In a quiet town, tensions ignited 2-day massacre

U.S., Iraqi security forces stood back as Shiites turned on Sunnis, killing dozens

November 09, 2006|By Borzou Daragahi | Borzou Daragahi,LOS ANGELES TIMES

BALAD, Iraq -- There were no heroes here.

When dozens of people were murdered in this once-peaceful Shiite market city over two days in October, no one stepped in to stop the killing. Not U.S. forces, whose stated purposes in Iraq include preventing all-out civil war. Not the Iraqi security forces, who mostly turned a blind eye to the massacre. Not the people of Balad, who allowed decades of fear and hatred to overwhelm their better instincts.

Perhaps nothing could be done. Perhaps Iraq's Shiite-Sunni feuds have become so heated that not even 140,000 U.S. soldiers can stop the country's brutal civil war.

Balad, a city of 120,000 up the Tigris River north of Baghdad, lies less than 15 miles from Logistics Support Area Anaconda, the largest U.S. military base in Iraq. A small forward operating base, Camp Paliwoda, lies just outside the city.

But U.S. troops stuck by the policy of letting Iraqis take the lead and gave the Shiite-dominated police force latitude as townspeople went on a murderous rampage.

"We didn't think it would happen on this scale," said Capt. Mark T. Jenner, intelligence officer of the 1st Battalion, 8th Infantry Regiment of the 4th Infantry Division, which was in the process of handing over the area to another U.S. unit when the slayings occurred.

Perhaps the most chilling thing about the massacre in Balad was that it was not the work of outside death squads. According to Iraqis and U.S. intelligence officials, it appears to have been the work of Shiite residents who turned on their Sunni neighbors.

"The ordinary people, some of them took their guns and did this thing," said Amira Baldawi, a Shiite member of parliament who is from Balad. "The city is under pressure all the time. There is a reaction to every action."

The killings began on a Friday afternoon, normally the day of rest in Muslim countries.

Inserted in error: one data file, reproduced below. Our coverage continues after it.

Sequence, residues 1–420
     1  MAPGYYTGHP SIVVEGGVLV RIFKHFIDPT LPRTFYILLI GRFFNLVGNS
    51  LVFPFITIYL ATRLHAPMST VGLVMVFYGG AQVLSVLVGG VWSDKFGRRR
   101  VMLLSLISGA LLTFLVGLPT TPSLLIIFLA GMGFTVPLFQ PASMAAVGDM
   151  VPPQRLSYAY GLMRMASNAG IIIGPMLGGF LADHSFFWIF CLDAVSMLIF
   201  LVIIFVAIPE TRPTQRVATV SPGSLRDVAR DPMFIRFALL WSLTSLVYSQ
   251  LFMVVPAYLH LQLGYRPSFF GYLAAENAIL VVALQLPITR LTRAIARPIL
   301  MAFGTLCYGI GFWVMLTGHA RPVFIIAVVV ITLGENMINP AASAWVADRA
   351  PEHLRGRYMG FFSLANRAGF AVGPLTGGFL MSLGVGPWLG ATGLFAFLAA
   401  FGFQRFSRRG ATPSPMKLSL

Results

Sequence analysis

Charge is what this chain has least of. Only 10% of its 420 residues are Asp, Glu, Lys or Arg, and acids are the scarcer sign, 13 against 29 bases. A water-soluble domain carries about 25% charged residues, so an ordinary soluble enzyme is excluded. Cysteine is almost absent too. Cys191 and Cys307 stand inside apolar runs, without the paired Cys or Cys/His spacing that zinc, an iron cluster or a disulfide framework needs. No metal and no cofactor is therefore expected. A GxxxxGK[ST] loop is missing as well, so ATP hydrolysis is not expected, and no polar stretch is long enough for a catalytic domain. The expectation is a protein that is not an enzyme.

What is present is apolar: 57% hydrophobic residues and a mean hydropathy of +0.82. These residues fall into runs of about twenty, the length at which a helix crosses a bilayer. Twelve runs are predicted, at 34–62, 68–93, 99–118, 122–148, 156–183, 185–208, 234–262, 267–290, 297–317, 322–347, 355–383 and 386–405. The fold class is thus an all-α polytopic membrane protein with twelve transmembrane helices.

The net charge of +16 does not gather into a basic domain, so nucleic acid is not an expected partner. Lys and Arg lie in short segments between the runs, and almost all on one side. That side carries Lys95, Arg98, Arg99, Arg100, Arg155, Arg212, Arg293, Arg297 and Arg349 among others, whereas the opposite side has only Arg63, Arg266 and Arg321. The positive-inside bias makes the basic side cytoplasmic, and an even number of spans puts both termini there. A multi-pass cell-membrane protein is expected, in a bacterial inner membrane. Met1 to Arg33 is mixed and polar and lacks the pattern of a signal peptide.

Ajeel Mujamaie, 30, a Sunni high school teacher of English and Arabic, was rushing his pregnant wife, Fadhilla, to the hospital.

He ran into a security guard he knew, a man named Abbas, a relative by marriage.

"He told me I have to leave," Mujamaie said. "He told me they will kill me."

Gunmen swarmed the hospital, aided by some of the employees.

"They were from Balad," Mujamaie said of the employees who guided the gunmen. "They were saying: `Take this guy. Don't take this guy.'"

As Fadhilla writhed in pain, Abbas slipped the couple into their car and headed for a midwife outside the city center.

Across Balad, other Sunnis had begun to flee.

For decades, this farming region has been a caldron of mistrust between the Shiite Muslim tribes living in town and the Sunni Arab tribes spread out in the surrounding farmlands.

In the 1970s, the city became a stronghold of Shiite activists of the outlawed Islamic Dawa Party, which had strong ties to neighboring Iran. After the Iran-Iraq war erupted in 1980, President Saddam Hussein and his Baath Party supporters cracked down, executing Dawa members, uprooting orchards and seizing the property of well-to-do Shiites to hand over to Sunnis.

The U.S.-led invasion in 2003 upended the power dynamics.

Shiites began asserting their muscle. In 2004, a group loyal to radical cleric Muqtada al-Sadr took over a Sunni mosque in downtown Balad, declaring it their own.

In February, when a bomb severely damaged the Shiite shrine of the Golden Dome in nearby Samarra, U.S. soldiers said they had to seal off Balad to prevent Shiites from heading there to exact revenge.

In recent months, Sunnis began complaining that Shiite thugs, allegedly with ties to the al-Sadr organization, were manning checkpoints. Shiites, too, warned of a coming breaking point. In September, Baldawi sent a bundle of desperate letters from her constituents to Prime Minister Nouri al-Maliki.

"People complained that the situation is not at all secure," she said. "They wanted more security forces to protect the area."

Nevertheless, on Sept. 13, U.S. forces formally handed over control of the area to the Iraqis.

The episodic killings continued.

When the retaliations against Sunnis began Friday afternoon, killer and victim probably knew each other.

The killings continued Saturday. For hours, mobs killed any Sunni men they encountered. Gunmen also went to car auctions and seized Sunnis as well as their cars, killing them and burning the vehicles.

The U.S. military monitored events from its base just outside Balad.

"We could tell the sectarian tension was flaring up," said Capt. Matthew Thomas, the incoming intelligence officer of the 3rd Battalion, 8th Cavalry Regiment. "We got reports of Shiite retaliation against Sunnis."

By Friday afternoon, U.S. forces dispatched a platoon-sized unit into town. The soldiers offered to help the local Iraqi forces keep order. Iraqi officers declined, and the Americans left.

On Saturday, U.S. forces told Iraqis to establish checkpoints around the city and retrieve bodies. At 5 p.m., civic officials declared a 48-hour curfew for Balad and Dhuluiya, with no traffic allowed in or out of either town.

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